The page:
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> Issue 30 > Page 23 - A Visit with Bill Daye, Painter

Page 23 - A Visit with Bill Daye, Painter

Published by Ronald Caplan on 1981/12/1 (1121 reads)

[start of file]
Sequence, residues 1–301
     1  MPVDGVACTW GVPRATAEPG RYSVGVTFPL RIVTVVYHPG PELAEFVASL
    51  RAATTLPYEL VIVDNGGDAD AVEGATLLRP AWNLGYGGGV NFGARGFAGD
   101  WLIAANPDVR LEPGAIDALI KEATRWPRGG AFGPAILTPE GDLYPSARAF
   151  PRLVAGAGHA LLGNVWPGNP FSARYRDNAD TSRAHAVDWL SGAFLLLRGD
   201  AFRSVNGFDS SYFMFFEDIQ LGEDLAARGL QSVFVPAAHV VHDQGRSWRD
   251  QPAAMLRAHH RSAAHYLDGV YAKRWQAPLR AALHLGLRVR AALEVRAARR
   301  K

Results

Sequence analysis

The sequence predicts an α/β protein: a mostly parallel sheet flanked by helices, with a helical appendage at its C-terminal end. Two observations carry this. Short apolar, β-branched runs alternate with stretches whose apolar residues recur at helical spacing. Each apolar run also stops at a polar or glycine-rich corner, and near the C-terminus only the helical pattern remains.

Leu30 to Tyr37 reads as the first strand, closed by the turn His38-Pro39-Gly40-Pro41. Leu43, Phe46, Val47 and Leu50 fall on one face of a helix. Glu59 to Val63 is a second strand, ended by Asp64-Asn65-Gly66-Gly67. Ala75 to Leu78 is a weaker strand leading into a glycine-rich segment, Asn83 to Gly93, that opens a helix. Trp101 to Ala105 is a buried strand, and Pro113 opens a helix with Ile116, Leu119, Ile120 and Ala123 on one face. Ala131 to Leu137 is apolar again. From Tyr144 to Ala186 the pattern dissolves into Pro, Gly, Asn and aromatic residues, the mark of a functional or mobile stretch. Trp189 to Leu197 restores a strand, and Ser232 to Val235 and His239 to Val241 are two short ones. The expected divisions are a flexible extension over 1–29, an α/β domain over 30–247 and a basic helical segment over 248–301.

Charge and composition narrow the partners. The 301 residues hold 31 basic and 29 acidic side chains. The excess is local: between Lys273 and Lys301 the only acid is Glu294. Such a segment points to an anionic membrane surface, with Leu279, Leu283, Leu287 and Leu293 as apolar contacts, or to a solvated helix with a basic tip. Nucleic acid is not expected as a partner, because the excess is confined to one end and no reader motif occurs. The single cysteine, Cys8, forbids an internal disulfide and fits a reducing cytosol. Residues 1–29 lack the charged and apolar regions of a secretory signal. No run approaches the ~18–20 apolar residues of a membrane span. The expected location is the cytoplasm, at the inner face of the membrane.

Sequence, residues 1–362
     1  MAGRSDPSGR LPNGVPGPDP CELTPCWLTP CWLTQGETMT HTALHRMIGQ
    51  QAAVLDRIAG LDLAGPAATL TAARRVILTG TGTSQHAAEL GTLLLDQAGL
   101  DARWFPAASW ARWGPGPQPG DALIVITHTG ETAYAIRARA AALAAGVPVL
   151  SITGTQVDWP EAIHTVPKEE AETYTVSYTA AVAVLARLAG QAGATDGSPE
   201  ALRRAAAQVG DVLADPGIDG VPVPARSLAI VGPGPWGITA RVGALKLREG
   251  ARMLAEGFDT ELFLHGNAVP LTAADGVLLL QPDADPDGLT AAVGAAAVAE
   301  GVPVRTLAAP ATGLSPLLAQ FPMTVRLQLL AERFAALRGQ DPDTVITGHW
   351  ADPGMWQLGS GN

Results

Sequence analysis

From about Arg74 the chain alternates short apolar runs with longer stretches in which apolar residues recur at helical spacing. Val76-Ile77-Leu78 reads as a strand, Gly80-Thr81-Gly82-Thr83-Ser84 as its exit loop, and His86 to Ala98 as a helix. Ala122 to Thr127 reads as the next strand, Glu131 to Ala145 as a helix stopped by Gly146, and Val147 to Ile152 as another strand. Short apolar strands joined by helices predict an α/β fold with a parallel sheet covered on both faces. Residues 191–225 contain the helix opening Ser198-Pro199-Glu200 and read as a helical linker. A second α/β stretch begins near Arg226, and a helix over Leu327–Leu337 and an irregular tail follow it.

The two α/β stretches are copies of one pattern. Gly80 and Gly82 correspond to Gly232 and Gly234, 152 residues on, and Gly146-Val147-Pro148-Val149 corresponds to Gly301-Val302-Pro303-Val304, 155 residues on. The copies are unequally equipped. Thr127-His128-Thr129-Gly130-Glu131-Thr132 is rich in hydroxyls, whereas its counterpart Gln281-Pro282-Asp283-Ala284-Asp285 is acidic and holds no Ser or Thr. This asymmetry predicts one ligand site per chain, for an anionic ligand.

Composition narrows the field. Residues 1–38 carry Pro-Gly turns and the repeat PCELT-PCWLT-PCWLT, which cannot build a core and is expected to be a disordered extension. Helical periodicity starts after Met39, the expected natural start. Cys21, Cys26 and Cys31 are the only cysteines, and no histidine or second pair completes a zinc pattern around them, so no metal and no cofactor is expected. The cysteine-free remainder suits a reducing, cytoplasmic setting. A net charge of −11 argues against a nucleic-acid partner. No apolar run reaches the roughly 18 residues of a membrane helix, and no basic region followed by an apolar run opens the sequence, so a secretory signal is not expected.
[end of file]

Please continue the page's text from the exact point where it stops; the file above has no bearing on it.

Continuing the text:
A Visit with Bill Daye, Painter Bill Daye: Look, I was a machinist. I worked 10 years at machine work on the steel plant. I worked 14 years for the highway department, heavy duty construc? tion, repairing all the old equipment on the ferry boats, tearing down locomotives in the steel plant too, build them up from nothing, to refit them all over. Any? thing 'd go wrong. And those big tractor shovels used--tear them down and refit them, build them all up. I was a farmer for 17 years. I was a trap? per and a hunter I don't know how long, and I was a taxidermist years and years. I had a business of taxidermy and fur work. I was a mail carrier in Sydney. And I was in so many things that when I'd go out in the woods, I could pick up a little blue violet and worship that more than the pret? tiest rose that was ever made. And the way it was created and how it showed up in the spring. I see the beauty in those little things, you see? And praise I'd see in the woods and like that, I didn't get enough of them in here, in my body--I couldn't paint it. Then I'd have it in the house, anyway, you see? So that's what I was try? ing to express. And you've got to be a draftsman one year before you go in the machine shop to learn your trade as a machinist. You've got to work from blueprints and drawings. So, I had the technique of drawing from that. And I went to night school, learning draw? ing while I was in the drafting office. You've got to be accurate with no give or take when you're doing machine work for ships and all, that's got to be right. You can't change it. Because somebody'11 come back and say, "That didn't work." It won't work if it isn't right. See? And being farming and fishing and hunting--I under? stand the woods and the animals. And being a taxidermist, I know the posture of the animals and birds in order to paint them. So I learned my painting, what bit I do know, in a different manner than going to school and getting instruction. I learned it the way I lived. That's where I got it. Those old pictures, those old horses and those people who are operating the horses-- that was the way those people lived in those years. And that would be lost, be? cause when I was young there was nobody painting like there is today, there were no artists going around painting. I never heard of an artist when I was young, only a photographer. And they couldn't paint the things that were there if they wanted to, because they couldn't paint. Well now, as I grew up and I learned a bit about painting, I wanted to keep that that was going to be lost. I wanted to keep that for the generations that're coming. That's why I paint those things • I can't write and I'm not a good speaker, but painting will tell it in a way that I can do that. That's why I paint--to record history, in the only way I can record it. (And what you paint, it's not just what you were told....) No, no, no, no, no. Those horses, they are painted from memory. I can see them just as plain--and if there was a cracked window in a house, I can remember it. I was starting to paint when I was about 16. But I let it go for maybe 20 years or so. I didn't do any when I was working ma? chine work and that. I didn't have time. And my daughter sent me a box of paints one time for a Christmas present--my wife asked her to do it--"Get him painting a- gain." And I started, I suppose that would be 25 years ago, and I haven't stopped. I keep painting now and then, a picture some months, some months none. And before I tackle that picture, I can see everything. I'm studying unconscious all the time, all the time--and I can see that coming, com? ing, coming. And when I get the brush started, as I get one thing done I can see the other. I can see the exact colour, the exact figure that's going to come out. Yeah. (Do you ever dream about your paintings?) Yes, often, often. (Before you paint them?) When I'm concentrating on them. Sometimes when I get up in the morning I have it half done when I wake up. In my mind. (You know what the colours are going to be...?) I know exactly, because it takes a lot of mixing of paints to make colours, you know. Now, I painted a picture of a Dutch ship, an old, old ship that's not in existence any more, and to get the colour of the wa? ter that I wanted, I had to mix gray, white, French ultramarine blue, and cobalt blue, and a little speck of gray mixed (23)
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